Ms McDonald, a Democrat, said she received support for her decision even from Republican gun owners, some of whom wrote her letters.
“A lot of gun owners say, ‘Absolutely, if you don’t store your gun safely, if you’re not responsible for it, you should be held accountable,” she said. think it goes so much beyond politics if we are parents. “
Ms McDonald said she was not thinking of a higher post, but her TV appearances had already come under criticism.
Michael Bouchard, the Oakland County Sheriff, suggested Ms McDonald acted prematurely in publicizing the charges against the Crumbleys – even before her office was informed – giving the parents time to get away. The FBI and US Marshals team of fugitives were called in and apprehended the couple early the next morning at a warehouse in Detroit.
Ms McDonald, who said she gave the sheriff’s office sufficient warning of the charges, said she worked things out with Mr Bouchard, the only Republican to hold a senior elected office in Oakland County, where the Democrats have dominated in recent years.
In a statement released Friday, Mr. Bouchard referred to a “disconnect” between senior prosecutors and investigators which has been resolved. But Rocky Raczkowski, the Republican President of Oakland County, said that by announcing the charges against the parents before their arrest, Ms McDonald had caused confusion.
“It becomes a soap opera, the risk of parental absconding,” said Raczkowski, “instead of functioning properly like a well-oiled machine. It took away the story of grief, it cost money, it took police resources, but also most importantly, it took attention away from what was wrong, from what was right.
Originally from Michigan and a former teacher who went on to become a lawyer and then assistant prosecutor before being elected a presiding judge in juvenile cases, Ms. McDonald now runs an office of more than 150 employees – all wearing black ribbons in honor of the dead and injured. .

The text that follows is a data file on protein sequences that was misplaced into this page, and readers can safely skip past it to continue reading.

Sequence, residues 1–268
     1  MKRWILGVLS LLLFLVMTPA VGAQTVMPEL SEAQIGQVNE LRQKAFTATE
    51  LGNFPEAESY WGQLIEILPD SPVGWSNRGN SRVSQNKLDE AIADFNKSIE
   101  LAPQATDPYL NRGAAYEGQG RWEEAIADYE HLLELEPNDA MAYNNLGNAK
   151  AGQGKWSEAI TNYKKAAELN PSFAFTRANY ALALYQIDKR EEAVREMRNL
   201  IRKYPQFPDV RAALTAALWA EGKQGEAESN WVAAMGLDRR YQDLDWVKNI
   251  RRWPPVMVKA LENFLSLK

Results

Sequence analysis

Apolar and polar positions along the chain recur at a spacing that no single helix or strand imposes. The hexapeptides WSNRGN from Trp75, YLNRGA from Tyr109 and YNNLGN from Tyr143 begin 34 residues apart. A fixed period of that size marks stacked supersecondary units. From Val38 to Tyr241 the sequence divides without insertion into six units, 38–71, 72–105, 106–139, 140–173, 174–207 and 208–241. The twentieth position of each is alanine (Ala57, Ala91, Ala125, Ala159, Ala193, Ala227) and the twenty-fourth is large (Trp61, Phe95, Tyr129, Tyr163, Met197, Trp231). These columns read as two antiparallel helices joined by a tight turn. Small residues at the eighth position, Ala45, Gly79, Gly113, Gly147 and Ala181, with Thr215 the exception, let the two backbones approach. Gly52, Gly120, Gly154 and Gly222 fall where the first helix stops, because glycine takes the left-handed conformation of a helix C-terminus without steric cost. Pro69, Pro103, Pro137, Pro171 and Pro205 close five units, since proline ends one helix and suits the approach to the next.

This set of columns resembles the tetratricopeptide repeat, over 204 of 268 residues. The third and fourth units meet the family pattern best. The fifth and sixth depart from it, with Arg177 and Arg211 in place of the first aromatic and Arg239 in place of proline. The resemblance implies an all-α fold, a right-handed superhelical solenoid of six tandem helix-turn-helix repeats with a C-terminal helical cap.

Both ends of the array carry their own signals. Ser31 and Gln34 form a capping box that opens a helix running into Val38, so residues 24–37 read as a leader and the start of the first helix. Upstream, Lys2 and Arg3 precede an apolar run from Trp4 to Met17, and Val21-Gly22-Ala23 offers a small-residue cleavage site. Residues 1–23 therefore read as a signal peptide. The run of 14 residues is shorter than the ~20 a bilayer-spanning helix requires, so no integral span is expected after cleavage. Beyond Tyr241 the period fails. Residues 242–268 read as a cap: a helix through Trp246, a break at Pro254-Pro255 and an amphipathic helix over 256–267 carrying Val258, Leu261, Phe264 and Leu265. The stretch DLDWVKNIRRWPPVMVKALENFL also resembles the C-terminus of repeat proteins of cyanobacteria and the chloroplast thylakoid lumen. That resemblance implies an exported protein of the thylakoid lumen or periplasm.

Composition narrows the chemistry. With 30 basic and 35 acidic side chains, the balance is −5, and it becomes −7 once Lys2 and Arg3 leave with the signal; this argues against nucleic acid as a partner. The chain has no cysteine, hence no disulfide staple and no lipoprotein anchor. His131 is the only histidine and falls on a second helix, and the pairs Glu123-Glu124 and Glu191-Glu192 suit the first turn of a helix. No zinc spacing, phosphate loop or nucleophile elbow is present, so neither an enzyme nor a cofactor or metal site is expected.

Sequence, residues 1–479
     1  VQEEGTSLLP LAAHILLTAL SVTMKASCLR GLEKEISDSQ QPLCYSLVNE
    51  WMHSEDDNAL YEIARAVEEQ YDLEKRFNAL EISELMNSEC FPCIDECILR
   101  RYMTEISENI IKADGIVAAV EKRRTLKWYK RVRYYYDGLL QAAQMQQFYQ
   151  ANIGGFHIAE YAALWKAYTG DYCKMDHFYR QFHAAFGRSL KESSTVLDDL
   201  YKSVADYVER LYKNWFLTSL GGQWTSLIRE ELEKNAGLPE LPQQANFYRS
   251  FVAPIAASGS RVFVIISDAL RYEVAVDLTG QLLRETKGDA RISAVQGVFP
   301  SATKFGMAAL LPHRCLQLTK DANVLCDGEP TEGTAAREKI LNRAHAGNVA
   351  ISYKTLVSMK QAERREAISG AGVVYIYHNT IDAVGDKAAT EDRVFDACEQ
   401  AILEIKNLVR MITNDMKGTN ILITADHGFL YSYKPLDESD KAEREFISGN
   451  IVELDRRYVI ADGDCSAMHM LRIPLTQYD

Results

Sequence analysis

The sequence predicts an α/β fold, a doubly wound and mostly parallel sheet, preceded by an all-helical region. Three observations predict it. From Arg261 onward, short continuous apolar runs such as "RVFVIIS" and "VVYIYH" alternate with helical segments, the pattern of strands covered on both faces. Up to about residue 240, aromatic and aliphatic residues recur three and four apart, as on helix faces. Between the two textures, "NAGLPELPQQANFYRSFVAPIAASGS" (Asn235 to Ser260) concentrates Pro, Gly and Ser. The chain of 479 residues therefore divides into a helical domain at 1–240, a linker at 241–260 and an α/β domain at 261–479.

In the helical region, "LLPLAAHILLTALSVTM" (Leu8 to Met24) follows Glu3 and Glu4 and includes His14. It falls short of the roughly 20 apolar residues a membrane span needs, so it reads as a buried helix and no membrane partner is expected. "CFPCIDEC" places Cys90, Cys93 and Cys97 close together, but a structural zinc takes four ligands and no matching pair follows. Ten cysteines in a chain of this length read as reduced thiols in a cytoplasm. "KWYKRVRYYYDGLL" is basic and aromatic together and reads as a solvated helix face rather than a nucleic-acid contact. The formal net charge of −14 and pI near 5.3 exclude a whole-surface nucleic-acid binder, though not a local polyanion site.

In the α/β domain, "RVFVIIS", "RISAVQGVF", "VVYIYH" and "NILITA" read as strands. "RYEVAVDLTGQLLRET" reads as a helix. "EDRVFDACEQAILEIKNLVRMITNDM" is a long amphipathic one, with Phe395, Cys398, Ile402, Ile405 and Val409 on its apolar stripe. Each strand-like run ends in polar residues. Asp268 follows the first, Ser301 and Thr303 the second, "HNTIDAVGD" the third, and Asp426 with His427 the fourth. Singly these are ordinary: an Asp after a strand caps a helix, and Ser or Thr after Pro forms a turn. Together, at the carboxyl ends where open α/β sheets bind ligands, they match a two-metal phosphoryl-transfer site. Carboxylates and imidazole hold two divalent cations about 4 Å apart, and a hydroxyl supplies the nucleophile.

As a parent, Ms McDonald said she takes gun violence personally. She and her 11-year husband Jeffrey Weiss, a lawyer who prefers to stay behind the scenes, have a blended family of five children. The youngest is in his second year at university.
Her decisions in the Crumbley case suggest a strict approach to law enforcement, but during her campaign for the prosecutor she has focused on prosecution reform, riding the progressive wave after the murder of George Floyd in Minneapolis. His list of sponsors included Senator Bernie Sanders of Vermont.
After defeating longtime Democratic president Jessica Cooper by a wide margin and taking office in January, Ms McDonald had spent much of the year implementing changes in the office, including adopting alternatives to incarceration and starting data collection to detect racial disparities in prosecution.
And although she accused Ethan Crumbley as an adult, she had pushed her campaign to treat “children like children”, holding them “accountable without unnecessary jail.” In office, she reviewed 27 cases of juveniles sentenced to life without parole and gave 22 of them the chance to be punished, eventually leaving them eligible for parole.
Perhaps his most high-profile endeavor, until the recent carnage, involved an internal review of a 20-year-old arson case in which five children were killed.
Ms McDonald reopened the case at the urging of the Innocence Clinic at the University of Michigan Law School.
Imran J. Syed, co-director of the clinic, said his office had struggled to prove the accused’s innocence for more than a decade, but Ms McDonald’s predecessor was not interested in examining the circumstances. .
Ms. McDonald “has uncovered a mountain of evidence of internal misconduct,” said Mr. Syed.
His opinion found that prison informants who testified against the accused received significant benefits in return – a fact that was not disclosed to defense attorneys at the time. His office also uncovered video of a child witness implicating another person in the crime, which was also not disclosed.
As a result of this work, Juwan Deering, 50, was released this year after 15 years behind bars. Ms McDonald is planning a review of other old lawsuits, she said.
Criminal justice officials need to let go of a “win at any cost” mentality, she said, adding: “It’s difficult, but it’s always the right thing to do.”
Giulia Heyward contributed reports.